“Psst, wanna buy a cinema?” That seems to be the not-so-subtle message from Regal, the largest cinema chain in the United States, which unexpectedly put a ‘For Sale’ sign on the front door. Speculations immediately focused on Alibab’s Jack Ma, though my gut instinct is that he won’t be following in the footsteps of Wanda/AMC, primarily because his background is not real-estate and there are no obvious Chinese-US synergies to be had from such a deal. A sovereign wealth fund if not VC outfit is more likely to be checking Regal’s numbers right now. Variety covers all the other angles.
Regal CEO Amy Miles was tight-lipped about the issue on an earnings call Monday with analysts and media, only offering that the company’s board felt it was “an opportune time to conduct a thorough review of our options.” But in an interview with Variety for a lengthy profile earlier this month, Miles may have inadvertently explained why Regal shifted from bidder to acquisition target.
“We’re all excited about the years 2015, 2016 and I’m going to be aggressive and say even 2017,” she told Variety at the time. “I think that (in the) environment of very healthy strong box office, it’s a natural time to think, ‘OK that might be a good time for an individual to exit.’ Value maximization happens in that environment.” LINK
The European commission has give its go-ahead to the Dolby-Doremi merger. The approval was expected but was most likely sitting in the IN tray of some EU bureaucrat away on holiday, or it might have gone through earlier.
Dolby Laboratories (DLB.N) on Monday received EU clearance for its acquisition of digital cinema technology group Doremi, the European Commission said.
The Commission, which acts as the competition watchdog in the 28-member bloc, said that while there was overlap between the two companies in the digital cinema servers business, the merger did not distort the market.
“The proposed transaction would not lead to any anti-competitive effects because of the presence of alternative suppliers, the fast-moving nature of the market and the ease of switching for customers,” the Commission said in a statement on Monday. LINK
The poor third quarter (i.e. summer) with a 15% fall in admissions that prompted the talk of the Regal sale also haunts the US cinema major that already has a Chinese owner: AMC.
The country’s second-largest theater chain saw net income fall 78% to $7.4 million for the three months ending in September, compared to $33.5 million in the year ago period. Earnings per share also fell sharply, dropping from 44 cents to 8 cents.
Revenues for the theater chain were more stable, topping out at $633.9 million, an 8.9% drop from the $696 million in revenues the company reported during the same quarter in 2013. The company’s sales were bolstered by higher ticket prices which rose 5.3% to $9.48.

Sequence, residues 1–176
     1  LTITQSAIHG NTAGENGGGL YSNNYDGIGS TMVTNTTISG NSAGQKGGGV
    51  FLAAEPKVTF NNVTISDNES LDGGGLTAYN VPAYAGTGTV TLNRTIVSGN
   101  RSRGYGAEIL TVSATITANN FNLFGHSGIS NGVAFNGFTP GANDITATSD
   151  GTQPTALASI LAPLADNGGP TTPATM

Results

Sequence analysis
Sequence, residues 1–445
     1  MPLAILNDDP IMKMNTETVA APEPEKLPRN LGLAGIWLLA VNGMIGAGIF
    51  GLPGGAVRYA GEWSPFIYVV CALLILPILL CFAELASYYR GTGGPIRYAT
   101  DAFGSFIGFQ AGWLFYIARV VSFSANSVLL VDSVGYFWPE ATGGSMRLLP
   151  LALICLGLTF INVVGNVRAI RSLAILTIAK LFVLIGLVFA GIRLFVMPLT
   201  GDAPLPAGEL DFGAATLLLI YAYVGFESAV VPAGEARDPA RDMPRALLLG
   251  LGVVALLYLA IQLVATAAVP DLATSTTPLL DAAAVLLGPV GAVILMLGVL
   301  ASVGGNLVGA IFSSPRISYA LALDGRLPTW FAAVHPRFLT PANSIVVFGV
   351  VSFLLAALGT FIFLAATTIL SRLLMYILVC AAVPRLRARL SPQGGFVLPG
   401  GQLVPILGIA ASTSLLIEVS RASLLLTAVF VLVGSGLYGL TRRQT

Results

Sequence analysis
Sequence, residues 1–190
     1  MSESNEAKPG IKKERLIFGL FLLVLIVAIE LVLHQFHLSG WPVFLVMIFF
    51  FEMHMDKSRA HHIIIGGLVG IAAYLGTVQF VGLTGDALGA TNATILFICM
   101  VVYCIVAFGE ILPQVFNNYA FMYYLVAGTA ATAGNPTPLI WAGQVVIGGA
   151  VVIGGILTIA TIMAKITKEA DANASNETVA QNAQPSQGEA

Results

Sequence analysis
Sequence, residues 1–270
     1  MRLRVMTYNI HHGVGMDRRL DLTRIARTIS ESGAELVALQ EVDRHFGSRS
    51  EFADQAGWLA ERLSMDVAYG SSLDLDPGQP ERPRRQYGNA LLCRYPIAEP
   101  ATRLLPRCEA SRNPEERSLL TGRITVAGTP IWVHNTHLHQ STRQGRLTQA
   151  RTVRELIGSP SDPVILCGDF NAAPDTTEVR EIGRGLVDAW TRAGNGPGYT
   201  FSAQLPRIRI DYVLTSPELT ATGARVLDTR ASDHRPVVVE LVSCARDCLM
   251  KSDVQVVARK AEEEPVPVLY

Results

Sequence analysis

Revenues fell just shy of Wall Street’s projections, while earnings were in line with expectations. LINK
CEO Gary Lopex put a positive spin on the companies initiatives in the concession and re-seating focus.
“Our initiatives are delivering innovation, additional revenue opportunities, improved profit flow-through and better-than-industry results. There is no better evidence than the 10.3% increase in food and beverage revenues per patron during the quarter. In addition, we are energized by the continued year-over-year increases in our reseated theatres. This portion of our fleet, now 48 theatres strong, experienced an impressive 14.3% year-on-year improvement in admissions revenues per screen during the September quarter of 2014, compared to an industry decline of 12.6%.”
USA (FL) – It is not just AMC that believes in the mantra that “less-is-more” when it comes to seating. Celebration Cinemas also has a re-seating scheme underway – and they promise that they will not put up ticket prices once it is complete.
Gone are the days of packing as many people as possible into a theater for a night at the movies, at least at one Lansing multiplex.
Celebration Cinema in south Lansing is tearing out about 4,000 existing seats at its 20-screen theater on Edgewood Boulevard and replacing them with about 1,600 automatically reclining seats.
Moviegoers, with the click of a button, will be able to settle in for the show in their perfect movie-watching positions. The chair’s arms also can be lifted, creating a makeshift loveseat. LINK
India – An excellent in-depth article in Forbed India about PVR and the company’s founder.
In many ways, 47-year-old Bijli has built PVR along the same exacting lines. Obsessed with creating a brand and not just a chain of multiplexes, the entrepreneur oversees every detail of his expanding empire. Nothing is deemed insignificant: Employees say he accords the same attention to the cleanliness of washrooms that he does to the installation of the latest technology in his multiplexes.
There have been occasions when he has spent Rs 10 crore to set up a single screen, though the average expenditure is Rs 4 crore per screen. (Two years ago, that was 50 percent more than the industry average, though competitors are catching up to PVR’s standards and updating their technology.) But Bijli always had faith in his brand’s growing equity, and was confident enough to compensate the cost with ticket rates that none of his competitors would dare to demand. (They still don’t.) For instance, a ticket at the Vasant Kunj, Delhi, Directors Cut cinema—PVR’s top product which offers plush seats, dine-in facilities and other amenities—can cost Rs 1,400, about four times that of a regular ticket. Bijli has been taking such risks in other ways too: For instance, he opened an 11-screen multiplex in Bangalore in 2003 when even five-screen multiplexes were rare.
In the process, he has turned the single-screen side business, Priya Cinema, that his father had bought in the 1970s into a Rs 1,500-crore [USD $245 million] operation. LINK
Korea (South) – With two sea-based domestic hit films riding high this summer in South Korea, focus is directed to the fact that both films came from vertically integrated distributors/exhibitors accused of locking out films from smaller independent distributors. “The Admiral: Roaring Currents,” by CJ E&M is the sister company is CGV, while “The Pirates,” came from distributor/exhibitor Lotte Entertainment.